How money woes can make you stressed-out and sick

Your money matters

Financial stress can impact many areas of our lives. A study conducted by Fidelity in collaboration with Stanford University found that the worse financial shape we are in, the more likely we are to have severe stress-related issues in our lives.

The study found that taking on more debt caused higher stress levels, worsened sleep patterns, caused weight gain, and a general decrease in physical activity which in turn can lead to greater health problems. With that information, minimizing money woes should be on everyone’s minds.

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The Financial Planning Standards Council (FPSC) found that 42 per cent of Canadians rank money as their greatest stressor and that number certainly doesn’t seem to be going down.

What You Need to Know

When you are in significant debt or behind on your bills it can feel like a never-ending nightmare.  Tackling your financial issues head on can sound daunting, but it is the only way to start making meaningful change. Making a plan, cutting back spending, and taking down your debt will not only put you in a better place financially, but physically as well. 

Sometimes, however, life happens. Situations present themselves that are beyond our control. Unfortunately, our finances are usually the first to take a hit when this happens. We may not be able to predict when an illness, death, job loss, or another unforeseen expense, but we can start planning for when it happens.

Working towards an emergency fund is a great place to start. It is generally recommended that a family have six months of salary saved up in case of an emergency. While this may not be possible for everyone, any amount is better than nothing. 

Another safe guard is a good insurance plan. Critical Illness, Disability, Life, and Long-Term Care insurance are all designed to eliminate the financial stress that comes with a family health emergency. All these strategies can allow you to focus on what matters most to you while remaining financially stable.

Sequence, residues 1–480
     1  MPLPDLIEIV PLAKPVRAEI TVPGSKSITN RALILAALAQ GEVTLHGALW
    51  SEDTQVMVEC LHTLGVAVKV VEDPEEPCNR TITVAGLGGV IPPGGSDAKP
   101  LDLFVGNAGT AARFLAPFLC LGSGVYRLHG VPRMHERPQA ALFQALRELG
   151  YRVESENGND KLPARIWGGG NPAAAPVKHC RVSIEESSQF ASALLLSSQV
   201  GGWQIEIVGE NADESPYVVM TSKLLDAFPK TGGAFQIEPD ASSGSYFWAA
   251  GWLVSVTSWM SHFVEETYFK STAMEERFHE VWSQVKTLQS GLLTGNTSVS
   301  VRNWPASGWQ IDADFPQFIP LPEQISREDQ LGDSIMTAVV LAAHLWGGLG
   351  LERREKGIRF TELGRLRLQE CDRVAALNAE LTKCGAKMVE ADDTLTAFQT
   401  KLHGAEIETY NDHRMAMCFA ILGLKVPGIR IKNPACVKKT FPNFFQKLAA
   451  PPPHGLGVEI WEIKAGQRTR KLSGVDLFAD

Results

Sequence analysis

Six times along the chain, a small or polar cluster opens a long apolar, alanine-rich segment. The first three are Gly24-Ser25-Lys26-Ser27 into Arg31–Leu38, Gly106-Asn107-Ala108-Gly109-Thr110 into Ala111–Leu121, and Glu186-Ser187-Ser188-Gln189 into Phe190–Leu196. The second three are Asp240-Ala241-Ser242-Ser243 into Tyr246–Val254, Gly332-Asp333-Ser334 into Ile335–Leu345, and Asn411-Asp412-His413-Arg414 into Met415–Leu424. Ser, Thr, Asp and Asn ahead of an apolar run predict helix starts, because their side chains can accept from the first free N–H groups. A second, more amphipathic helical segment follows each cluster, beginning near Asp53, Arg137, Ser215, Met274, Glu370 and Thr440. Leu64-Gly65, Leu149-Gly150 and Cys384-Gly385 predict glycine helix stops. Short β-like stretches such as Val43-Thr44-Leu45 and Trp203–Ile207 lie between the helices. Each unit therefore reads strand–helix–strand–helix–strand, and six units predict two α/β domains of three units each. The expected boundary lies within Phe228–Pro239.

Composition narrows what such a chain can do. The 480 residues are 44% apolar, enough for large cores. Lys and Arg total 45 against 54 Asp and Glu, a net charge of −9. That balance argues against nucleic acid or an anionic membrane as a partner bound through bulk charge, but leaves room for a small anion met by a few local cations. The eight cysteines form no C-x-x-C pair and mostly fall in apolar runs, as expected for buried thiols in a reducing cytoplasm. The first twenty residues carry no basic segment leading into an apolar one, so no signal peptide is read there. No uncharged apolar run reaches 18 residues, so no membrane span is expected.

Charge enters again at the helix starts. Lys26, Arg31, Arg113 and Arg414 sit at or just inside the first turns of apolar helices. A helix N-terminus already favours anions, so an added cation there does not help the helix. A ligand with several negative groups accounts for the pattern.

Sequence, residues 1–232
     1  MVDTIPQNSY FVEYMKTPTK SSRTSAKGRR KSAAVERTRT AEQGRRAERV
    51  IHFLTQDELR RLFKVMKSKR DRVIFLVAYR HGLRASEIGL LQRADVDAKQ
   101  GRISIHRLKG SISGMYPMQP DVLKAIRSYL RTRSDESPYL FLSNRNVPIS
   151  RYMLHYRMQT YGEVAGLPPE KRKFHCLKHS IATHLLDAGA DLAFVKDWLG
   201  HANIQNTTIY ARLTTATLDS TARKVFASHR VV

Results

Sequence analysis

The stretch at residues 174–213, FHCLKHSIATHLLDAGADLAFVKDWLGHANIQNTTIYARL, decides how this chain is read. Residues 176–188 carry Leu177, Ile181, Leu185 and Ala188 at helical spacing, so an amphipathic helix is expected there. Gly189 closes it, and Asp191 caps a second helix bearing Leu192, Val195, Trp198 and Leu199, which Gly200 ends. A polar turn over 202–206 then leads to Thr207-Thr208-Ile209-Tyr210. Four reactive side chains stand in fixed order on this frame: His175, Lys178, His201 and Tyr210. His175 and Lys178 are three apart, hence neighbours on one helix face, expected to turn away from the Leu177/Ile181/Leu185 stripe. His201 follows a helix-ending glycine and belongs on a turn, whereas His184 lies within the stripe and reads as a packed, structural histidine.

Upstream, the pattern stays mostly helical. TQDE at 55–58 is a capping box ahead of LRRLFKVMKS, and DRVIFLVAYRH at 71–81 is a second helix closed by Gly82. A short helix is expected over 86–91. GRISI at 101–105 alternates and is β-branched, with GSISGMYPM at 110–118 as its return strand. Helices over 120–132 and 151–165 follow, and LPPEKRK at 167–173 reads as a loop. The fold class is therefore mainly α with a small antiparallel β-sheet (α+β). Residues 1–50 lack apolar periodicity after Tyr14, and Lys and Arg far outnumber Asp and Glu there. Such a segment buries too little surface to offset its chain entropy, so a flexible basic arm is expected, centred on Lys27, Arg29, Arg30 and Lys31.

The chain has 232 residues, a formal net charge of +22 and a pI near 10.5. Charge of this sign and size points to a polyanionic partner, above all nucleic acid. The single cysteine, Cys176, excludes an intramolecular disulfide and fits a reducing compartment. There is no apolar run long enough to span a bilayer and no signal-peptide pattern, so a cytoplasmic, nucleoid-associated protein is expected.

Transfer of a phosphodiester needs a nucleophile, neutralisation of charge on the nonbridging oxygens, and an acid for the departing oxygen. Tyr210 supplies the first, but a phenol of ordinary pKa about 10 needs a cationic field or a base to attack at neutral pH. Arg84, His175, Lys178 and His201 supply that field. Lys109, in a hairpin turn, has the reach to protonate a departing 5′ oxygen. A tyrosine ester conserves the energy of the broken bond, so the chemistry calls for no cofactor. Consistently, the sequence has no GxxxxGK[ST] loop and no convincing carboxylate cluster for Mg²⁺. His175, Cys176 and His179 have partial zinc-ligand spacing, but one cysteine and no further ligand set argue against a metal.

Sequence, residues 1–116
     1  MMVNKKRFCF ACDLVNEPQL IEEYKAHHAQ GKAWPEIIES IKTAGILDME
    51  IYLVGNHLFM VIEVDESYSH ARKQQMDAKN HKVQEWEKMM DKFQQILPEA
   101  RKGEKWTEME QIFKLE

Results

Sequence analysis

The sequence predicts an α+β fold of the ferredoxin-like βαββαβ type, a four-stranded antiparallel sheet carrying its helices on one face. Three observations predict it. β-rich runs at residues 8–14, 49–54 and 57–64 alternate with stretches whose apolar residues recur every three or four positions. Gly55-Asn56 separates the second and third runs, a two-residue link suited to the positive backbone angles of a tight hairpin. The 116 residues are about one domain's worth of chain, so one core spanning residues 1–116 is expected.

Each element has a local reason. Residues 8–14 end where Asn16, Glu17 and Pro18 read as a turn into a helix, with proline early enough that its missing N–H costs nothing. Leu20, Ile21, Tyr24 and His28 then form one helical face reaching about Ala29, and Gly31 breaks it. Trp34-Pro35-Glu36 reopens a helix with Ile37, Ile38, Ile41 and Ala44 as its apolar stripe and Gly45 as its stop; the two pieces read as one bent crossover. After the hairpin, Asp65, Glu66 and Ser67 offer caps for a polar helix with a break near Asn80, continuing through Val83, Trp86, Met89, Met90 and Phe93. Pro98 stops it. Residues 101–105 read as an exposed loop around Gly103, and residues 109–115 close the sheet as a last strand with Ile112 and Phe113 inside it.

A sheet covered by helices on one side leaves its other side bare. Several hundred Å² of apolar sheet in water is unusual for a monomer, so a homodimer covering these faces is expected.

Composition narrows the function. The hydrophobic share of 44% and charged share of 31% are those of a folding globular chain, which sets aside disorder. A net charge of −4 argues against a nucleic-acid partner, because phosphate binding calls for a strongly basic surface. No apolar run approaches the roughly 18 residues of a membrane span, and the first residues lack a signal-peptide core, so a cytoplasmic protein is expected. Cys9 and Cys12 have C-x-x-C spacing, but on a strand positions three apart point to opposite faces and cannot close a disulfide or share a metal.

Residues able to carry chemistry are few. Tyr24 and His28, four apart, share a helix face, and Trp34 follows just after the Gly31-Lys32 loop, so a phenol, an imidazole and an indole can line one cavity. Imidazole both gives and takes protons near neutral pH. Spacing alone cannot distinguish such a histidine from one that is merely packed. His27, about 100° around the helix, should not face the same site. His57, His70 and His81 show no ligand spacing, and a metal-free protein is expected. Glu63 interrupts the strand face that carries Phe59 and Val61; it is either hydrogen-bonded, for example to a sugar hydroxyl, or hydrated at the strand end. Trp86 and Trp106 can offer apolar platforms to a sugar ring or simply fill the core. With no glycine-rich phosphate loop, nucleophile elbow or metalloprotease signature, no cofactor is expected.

The Bottom Line

There is no denying that financial stress can make a serious impact on your physical and mental wellbeing. If you are setting goals to improve your health, it might make sense to start with your finances. 

While we can’t always control what our body does, we can gain control of our money and make the best choices possible. Don’t be afraid to ask for help.

The Financial Planning Standards Council found that Canadians with a comprehensive financial plan in place reported greater levels of financial and emotional well being. Meeting with a financial planner helps people overcome financial stress and regain control over their future finances.

Harley McCormick is a financial advisor at Keystone Wealth Management.

This article is intended for informational purposes only and is not intended to constitute financial, accounting, legal or tax advice. For information specific to your situation you should consult a professional. Mutual funds provided through FundEX Investments Inc. Research provided by ADVISOR Research Group.

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